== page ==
On Mother’s Day, my maternal grandmother, Elector, passed away at the age of 71, surrounded by her loved ones. She was a unique woman, not just in name, but in so many wonderful ways.
The wife of a preacher, she could recite a Bible verse one minute, then turn around and tell a bawdy joke that would leave use all in stitches. She adored Elvis Presley, collected angel figurines, and would watch Jimmy Swaggart on an almost constant loop. At her birthday party a few years ago, she spent a large portion of the evening arm-wrestling with her grandchildren. She didn’t mind when she was given the nickname “Sexy Lexy.”
Though I think she was always beautiful, in her younger years, Mamaw was absolutely gorgeous. I wish the photo on the left had survived in better condition because it’s one of my favorites. I love the gloves and the purse, the kitten heels and the bows on her dress. I think she looks like a movie star, glamorous and chic.
As was common at the time, Mamaw married young. She was 15 when she married my grandfather, Claude, and she remained devoted to him for her entire life. Their relationship was filled with ups and downs, hard times and years of struggle, but I have no doubt that they loved one another unconditionally.
Mamaw gave birth to eight children. An infant son, Tony Curtis—a Christmas baby—passed away at just twelve days old. As was mentioned by the preacher at her funeral, I think being a mother was the job she was put on this Earth to do. She loved and cared for her children and her husband, often at home alone with all those kids while my grandfather was away, preaching and singing. Though some of her disciplinary methods, like the infamous spanking with a butcher knife, might be questionable today, she made sure to teach her children the lessons of right and wrong, to stand up for themselves and strive to be their very best.
I am thankful for all of the beautiful memories I have of my grandmother, for the lessons she taught and the love that she showed. She was devoted and faithful, sharing her wisdom and strength with those she cared for.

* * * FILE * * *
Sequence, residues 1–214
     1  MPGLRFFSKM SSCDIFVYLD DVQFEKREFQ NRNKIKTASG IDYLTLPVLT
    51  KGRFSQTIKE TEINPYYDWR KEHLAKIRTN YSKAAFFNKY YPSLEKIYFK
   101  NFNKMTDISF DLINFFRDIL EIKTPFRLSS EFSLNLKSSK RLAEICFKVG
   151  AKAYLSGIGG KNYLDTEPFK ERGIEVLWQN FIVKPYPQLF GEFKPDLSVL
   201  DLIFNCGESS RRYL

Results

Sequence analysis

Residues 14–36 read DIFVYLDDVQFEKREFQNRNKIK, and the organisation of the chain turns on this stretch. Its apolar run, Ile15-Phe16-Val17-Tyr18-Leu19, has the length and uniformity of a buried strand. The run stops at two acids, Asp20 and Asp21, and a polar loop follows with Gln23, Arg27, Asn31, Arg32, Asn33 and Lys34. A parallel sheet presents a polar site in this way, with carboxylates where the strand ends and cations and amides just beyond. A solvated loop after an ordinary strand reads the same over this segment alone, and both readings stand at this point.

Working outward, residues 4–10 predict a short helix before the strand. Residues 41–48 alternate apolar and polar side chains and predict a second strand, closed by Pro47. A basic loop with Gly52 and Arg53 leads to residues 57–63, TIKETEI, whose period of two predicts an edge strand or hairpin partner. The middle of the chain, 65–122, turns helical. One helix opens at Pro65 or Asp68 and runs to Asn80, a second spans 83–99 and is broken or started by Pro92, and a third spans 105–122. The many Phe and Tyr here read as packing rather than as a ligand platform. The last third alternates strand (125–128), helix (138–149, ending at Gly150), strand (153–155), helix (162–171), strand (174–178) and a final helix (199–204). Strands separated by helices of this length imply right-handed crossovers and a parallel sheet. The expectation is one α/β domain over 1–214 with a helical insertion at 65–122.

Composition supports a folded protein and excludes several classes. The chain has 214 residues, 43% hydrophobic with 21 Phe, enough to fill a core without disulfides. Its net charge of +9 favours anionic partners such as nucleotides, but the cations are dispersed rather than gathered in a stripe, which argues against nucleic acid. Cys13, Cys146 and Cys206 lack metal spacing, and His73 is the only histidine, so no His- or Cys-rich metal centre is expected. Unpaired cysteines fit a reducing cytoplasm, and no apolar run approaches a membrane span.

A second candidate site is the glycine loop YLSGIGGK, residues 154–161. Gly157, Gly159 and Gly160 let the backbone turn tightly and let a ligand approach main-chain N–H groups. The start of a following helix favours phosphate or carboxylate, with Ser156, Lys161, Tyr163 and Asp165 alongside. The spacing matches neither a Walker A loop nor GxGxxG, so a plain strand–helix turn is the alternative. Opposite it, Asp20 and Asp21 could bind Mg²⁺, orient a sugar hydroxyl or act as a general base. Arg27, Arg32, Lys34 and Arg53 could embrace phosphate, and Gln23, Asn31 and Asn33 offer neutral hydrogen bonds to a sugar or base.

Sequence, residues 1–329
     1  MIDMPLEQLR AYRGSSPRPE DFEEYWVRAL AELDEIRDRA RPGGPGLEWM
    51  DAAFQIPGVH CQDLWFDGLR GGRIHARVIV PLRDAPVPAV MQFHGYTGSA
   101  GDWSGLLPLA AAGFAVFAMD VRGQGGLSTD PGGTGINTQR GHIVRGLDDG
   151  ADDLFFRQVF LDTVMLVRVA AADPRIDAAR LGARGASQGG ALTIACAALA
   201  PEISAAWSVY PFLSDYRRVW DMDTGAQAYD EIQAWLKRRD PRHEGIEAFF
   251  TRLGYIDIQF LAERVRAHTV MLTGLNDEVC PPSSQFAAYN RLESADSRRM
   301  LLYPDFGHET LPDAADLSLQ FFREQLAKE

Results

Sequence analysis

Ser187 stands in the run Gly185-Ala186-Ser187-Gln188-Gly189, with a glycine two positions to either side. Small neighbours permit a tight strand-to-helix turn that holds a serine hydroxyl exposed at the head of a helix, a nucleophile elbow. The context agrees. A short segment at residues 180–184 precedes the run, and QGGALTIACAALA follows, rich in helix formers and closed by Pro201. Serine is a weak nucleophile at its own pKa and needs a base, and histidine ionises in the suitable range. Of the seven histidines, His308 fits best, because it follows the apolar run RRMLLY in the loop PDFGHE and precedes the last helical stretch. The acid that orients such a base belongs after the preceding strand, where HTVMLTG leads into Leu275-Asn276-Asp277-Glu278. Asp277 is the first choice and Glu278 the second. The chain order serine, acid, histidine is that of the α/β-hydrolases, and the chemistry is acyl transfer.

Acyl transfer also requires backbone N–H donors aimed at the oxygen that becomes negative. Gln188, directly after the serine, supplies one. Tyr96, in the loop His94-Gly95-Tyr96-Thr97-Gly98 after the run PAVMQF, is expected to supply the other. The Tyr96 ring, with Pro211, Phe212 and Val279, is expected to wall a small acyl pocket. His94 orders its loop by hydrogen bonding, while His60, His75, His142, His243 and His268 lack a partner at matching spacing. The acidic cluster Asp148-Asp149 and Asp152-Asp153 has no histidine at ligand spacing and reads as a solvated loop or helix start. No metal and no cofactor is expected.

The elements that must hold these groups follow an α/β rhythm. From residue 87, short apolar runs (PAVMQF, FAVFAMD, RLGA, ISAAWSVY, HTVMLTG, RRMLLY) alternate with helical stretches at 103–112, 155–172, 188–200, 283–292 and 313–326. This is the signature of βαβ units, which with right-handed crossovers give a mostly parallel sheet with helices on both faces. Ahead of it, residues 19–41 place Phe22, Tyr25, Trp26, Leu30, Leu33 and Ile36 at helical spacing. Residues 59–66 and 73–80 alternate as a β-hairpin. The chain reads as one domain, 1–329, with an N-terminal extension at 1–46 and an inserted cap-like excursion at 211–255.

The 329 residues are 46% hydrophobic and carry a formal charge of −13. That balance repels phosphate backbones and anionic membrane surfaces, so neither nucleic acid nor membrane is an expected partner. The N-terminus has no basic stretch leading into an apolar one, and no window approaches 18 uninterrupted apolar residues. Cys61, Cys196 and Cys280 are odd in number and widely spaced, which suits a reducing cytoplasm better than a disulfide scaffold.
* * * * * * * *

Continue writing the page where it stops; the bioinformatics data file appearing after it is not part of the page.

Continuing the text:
I grew up across the road from Mamaw Lec, so her home has a starring role in many of my childhood memories. As a kid, I loved going to her house, running in the yard and riding bikes in “the bottom.” I thought she gave the best back scratches; her nails were always long and sharp. When we went on trips, I’d mail postcards and buy her little trinkets. She kept and treasured them all.
Christmas was always an event, the house full of family. No matter what outlandish thing the grandchildren asked for, she would try to her hardest to get it. I remember unwrapping a Whitney Houston cassette tape at the age of six, so excited and thinking I’d gotten the best gift ever. She might not have been able to buy the most expensive things, but she made sure everyone got a gift they wanted. She never forgot a birthday.
When I was in college, I’d always stop and see her on my way back to school, if I’d come home for the weekend. Most of the time she would cry and tell me how proud she was. She’d slip a $20 bill in my hand as I headed out the door. Sometimes, my grandpa would empty his change jar and hand me a bag full of coins. I would protest and not want to take it, knowing money was tight, but she wouldn’t relent. She wanted me to succeed and tried to help in any way that she could.
One fall, when I’d become invested in learning to cook, she decided to share her mother’s apple pie recipe. Ma Sarah Pies are well-known in our community; my great-grandmother baked them for church functions, funerals, reunions, and Christmas gifts. I was delighted not just to learn how to make those pies, but to get to spend time with Mamaw. We spent the day cooking apples, measuring, mixing, and rolling out dough. In between all that work, she shared stories from her life. That’s a memory I’m so very grateful to have.
One of the things I’ll always treasure was my grandmother’s sense of style. If it was bold, flashy, and obnoxious, she wanted to wear it. She loved blue, but there was nothing she’d rather wear than a red shirt—always on Christmas, but other times as well. If I chose to wear something my mom thought was ridiculous, I could always count on Mamaw Lec to compliment it. She loved floral dresses and bright patterns. She also hated bras and refused to wear one for many years.
There is one dress she used to wear that is legendary in our family. It was a floral print in blue and white. The thing that makes this dress unique, however, is the red bow tie that adorned the front. She loved that dress and wore it often. When she passed away, it was still hanging in her closet.
When Mamaw’s health really started to decline and we knew her time with us was almost over, I started looking for a dress. Most people wear black or dark colors to a funeral, but I wanted to honor her in a different way. Initially, I was searching for a floral print dress in blue or red. My Aunt Donna, likely in jest, said something along the lines of, “You mean you aren’t going to wear a bow tie?” I laughed at first, but once the seed was planted, I couldn’t let go of the idea. After a few hours of searching I found the perfect dress, then later ordered a red bow tie to match.
My dress might have seemed outlandish and ridiculous to many people at the service, but I know that Mamaw would have loved it. For me, it was a fitting way to honor a loving woman that taught me so many life lessons. I might forego the bow tie from this point forward, but every time I wear that dress, I’ll think of my grandmother.
She might not have had riches or gold to pass along to her family, but her example of love and devotion will live on in each of us. I feel so very blessed to have gotten so spend so many years with her and I’ll cherish her memory always.